Though while driving, you would need even more than that. I wouldn't suggest anything less than 1kw RMS. Those RE subs should do well. A JBL 1200.1 would work very well with them, and you should be able to get one used on ebay for $250-300. It is rated at 1200w RMS @ 2 & 1 ohms, though they actually put out 1400 or so RMS at 14.4v. Those subs (600w RMS each, with 2 ohm DVC's) can be wired for a 2 ohm load on the amp. The only question would be keeping the amp fed... but that's a question for someone else.
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Old 25th July 2011, 08:50 PM   #6
Cr@sh is offline Cr@sh  United States
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I would recommend building a ported enclosure and building a minimum 1" loading board to place over it, something like this:
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File Type: jpg loadedbox.JPG (72.2 KB, 97 views)
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Old 25th July 2011, 08:51 PM   #7
Cr@sh is offline Cr@sh  United States
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Yes your going to lose no matter what this has worked quite well in the past.
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Old 28th July 2011, 11:41 PM   #8
bdubbx is offline bdubbx  United States
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Thanks for all the responses! I never got an email and figured no one was responding...

So, I take it 2 12"ers are recommended over 1, and I'm noting the minimum of 1K watts. I like the idea of the used amp to save money, but is buying a used amp safe/recommended?

So, I have a couple questions on a ported enclosure. Does pointing the port towards the driver help? I ask because if the port was on the bottom of the box, there'd be like a passage it would be facing going underneath the rear bench towards the driver seat. I don't know if this does anything, or is even recommended in a ported enclosure...

As for the top loading board, it's a good idea (I'm assuming it's just for being able to place things on top of it?). I'm hoping to actually build it as shallows as possible in order to retain some storage in the back. I would like to shallow and tall/wide if that's an option.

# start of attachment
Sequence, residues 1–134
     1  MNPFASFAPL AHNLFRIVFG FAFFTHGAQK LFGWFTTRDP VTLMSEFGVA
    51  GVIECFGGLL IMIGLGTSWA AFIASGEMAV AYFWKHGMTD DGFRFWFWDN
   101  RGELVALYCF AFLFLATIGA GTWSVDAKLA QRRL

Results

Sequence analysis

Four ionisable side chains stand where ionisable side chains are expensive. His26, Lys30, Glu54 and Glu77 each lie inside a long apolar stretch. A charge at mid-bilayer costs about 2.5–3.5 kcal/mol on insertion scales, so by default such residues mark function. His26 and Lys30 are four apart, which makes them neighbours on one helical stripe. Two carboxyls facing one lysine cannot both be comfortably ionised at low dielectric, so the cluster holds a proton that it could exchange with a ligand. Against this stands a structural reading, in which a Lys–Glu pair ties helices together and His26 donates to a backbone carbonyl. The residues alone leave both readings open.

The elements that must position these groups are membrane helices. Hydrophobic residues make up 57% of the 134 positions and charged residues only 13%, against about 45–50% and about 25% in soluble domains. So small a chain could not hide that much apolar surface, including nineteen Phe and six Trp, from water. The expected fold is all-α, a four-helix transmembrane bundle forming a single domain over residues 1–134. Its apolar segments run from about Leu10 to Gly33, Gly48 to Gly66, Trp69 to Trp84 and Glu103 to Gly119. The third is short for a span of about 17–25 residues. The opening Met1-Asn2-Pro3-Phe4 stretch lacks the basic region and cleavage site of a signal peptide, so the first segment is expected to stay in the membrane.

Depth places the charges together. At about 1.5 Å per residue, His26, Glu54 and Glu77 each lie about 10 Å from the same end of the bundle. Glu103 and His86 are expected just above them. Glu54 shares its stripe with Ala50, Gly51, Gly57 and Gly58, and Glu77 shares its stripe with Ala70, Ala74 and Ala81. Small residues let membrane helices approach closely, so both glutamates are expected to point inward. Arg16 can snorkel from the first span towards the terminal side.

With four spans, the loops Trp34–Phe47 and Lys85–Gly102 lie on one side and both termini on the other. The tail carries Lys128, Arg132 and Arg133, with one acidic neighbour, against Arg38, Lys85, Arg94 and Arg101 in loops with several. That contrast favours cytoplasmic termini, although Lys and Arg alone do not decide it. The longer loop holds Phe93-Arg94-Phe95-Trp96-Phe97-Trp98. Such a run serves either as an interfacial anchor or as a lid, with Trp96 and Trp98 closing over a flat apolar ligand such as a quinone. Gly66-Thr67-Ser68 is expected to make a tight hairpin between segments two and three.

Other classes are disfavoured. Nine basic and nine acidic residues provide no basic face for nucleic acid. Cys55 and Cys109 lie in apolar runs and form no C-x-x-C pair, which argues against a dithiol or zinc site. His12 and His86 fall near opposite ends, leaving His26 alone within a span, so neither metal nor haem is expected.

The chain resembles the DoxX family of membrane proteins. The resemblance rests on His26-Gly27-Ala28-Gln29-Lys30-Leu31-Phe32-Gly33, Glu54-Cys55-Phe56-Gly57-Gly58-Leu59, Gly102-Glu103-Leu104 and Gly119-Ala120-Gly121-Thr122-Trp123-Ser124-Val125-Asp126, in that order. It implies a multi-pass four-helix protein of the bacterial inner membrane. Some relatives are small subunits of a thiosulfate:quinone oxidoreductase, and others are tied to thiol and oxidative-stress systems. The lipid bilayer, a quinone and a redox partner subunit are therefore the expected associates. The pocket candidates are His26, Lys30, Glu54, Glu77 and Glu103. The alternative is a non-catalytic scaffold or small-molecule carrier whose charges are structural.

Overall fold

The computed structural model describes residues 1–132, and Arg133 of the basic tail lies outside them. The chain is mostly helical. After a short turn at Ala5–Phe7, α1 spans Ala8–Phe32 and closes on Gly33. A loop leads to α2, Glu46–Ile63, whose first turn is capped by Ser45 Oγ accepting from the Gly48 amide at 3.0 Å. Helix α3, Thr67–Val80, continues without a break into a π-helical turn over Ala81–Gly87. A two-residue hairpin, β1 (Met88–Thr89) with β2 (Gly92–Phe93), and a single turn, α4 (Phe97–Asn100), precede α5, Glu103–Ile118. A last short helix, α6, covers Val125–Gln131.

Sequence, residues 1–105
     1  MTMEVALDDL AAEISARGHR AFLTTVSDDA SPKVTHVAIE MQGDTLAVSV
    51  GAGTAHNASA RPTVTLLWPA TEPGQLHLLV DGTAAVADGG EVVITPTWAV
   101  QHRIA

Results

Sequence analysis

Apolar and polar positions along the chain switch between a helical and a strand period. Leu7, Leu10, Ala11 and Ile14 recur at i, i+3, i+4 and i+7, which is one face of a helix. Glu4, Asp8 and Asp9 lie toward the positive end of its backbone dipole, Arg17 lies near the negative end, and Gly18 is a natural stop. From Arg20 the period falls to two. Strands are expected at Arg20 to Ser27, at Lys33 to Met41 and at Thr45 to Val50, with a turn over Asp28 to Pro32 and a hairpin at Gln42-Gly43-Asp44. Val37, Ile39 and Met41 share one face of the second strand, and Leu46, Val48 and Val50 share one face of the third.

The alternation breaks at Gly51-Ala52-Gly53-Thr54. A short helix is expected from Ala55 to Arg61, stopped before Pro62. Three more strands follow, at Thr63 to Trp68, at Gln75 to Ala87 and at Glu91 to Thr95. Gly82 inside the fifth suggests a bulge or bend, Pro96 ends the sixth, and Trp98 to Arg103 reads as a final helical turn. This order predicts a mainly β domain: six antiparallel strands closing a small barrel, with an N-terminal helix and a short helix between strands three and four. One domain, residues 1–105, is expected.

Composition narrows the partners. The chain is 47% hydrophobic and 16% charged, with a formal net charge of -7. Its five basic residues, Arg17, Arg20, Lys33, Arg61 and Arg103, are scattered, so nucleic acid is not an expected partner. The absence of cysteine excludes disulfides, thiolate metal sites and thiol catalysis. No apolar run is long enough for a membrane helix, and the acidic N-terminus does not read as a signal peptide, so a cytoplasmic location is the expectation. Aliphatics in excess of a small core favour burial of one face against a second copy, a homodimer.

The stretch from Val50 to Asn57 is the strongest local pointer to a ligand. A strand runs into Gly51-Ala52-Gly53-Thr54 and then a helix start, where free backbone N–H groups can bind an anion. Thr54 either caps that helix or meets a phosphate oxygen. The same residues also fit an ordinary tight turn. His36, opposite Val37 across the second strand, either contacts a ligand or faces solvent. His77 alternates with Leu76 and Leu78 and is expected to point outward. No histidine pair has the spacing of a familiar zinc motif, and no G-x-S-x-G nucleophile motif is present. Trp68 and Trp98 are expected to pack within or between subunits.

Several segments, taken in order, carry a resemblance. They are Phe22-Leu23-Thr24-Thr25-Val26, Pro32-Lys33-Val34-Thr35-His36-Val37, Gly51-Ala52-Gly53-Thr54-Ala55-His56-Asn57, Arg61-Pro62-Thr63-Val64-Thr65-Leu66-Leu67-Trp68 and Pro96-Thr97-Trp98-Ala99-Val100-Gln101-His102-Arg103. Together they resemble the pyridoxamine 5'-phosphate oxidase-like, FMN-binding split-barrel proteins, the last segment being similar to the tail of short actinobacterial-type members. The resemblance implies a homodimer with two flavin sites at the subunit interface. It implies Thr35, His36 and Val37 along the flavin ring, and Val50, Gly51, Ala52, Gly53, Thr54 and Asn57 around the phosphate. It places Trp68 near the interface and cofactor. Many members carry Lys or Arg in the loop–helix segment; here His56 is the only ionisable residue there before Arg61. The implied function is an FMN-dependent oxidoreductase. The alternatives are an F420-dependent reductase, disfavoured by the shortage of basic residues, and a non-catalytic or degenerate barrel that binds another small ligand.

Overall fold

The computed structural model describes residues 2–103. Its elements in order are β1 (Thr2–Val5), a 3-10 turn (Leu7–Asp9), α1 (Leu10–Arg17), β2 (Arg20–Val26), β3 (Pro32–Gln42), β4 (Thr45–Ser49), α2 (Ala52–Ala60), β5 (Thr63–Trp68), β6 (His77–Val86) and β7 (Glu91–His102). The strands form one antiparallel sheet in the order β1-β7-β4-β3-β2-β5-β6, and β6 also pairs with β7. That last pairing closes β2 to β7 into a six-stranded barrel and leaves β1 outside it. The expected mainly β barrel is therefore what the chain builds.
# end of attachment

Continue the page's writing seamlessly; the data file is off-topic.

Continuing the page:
Given everything that's said, am I right in that I'm probably not going to have to worry about over powering my components with this type of set up? I looked the other day and my Polk components are 2 ohms 100 w, and the amp puts out that much at 2 ohms.

On another note (sorry, to have so many questions too), I know rear fill isn't the best for sound staging, but I guess I'll have to live with the fact that I'll never really have a good sound stage with no top...so, should I put in some rear fill speakers between the driver and rear bench for people in the rear to be able to hear?

Thanks again all!
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Old 29th July 2011, 01:00 AM   #9
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The cloth roof will not pressurize, so don't worry, you'll never have cabin gain. Two average 12" subwoofers at 2m will output about 110db. which should be enough to hear... 100 yards away... Subwoofers are omnidirectional, the direction you point the ports dosen't matter as long as there is enough space for the port to breath without interference. The top/loading board would have to be 7ft x 7ft long to effect a 40hz wave... i wouldn't bother.

suggestion: download WinISD Pro, ( LinearTeam ) read the help files, enjoy.
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Old 29th July 2011, 01:06 AM   #10
Cr@sh is offline Cr@sh  United States
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Quote:
Originally Posted by revboden View Post
The cloth roof will not pressurize, so don't worry, you'll never have cabin gain. Two average 12" subwoofers at 2m will output about 110db. which should be enough to hear... 100 yards away... Subwoofers are omnidirectional, the direction you point the ports dosen't matter as long as there is enough space for the port to breath without interference. The top/loading board would have to be 7ft x 7ft long to effect a 40hz wave... i wouldn't bother.

suggestion: download WinISD Pro, ( LinearTeam ) read the help files, enjoy.
X2!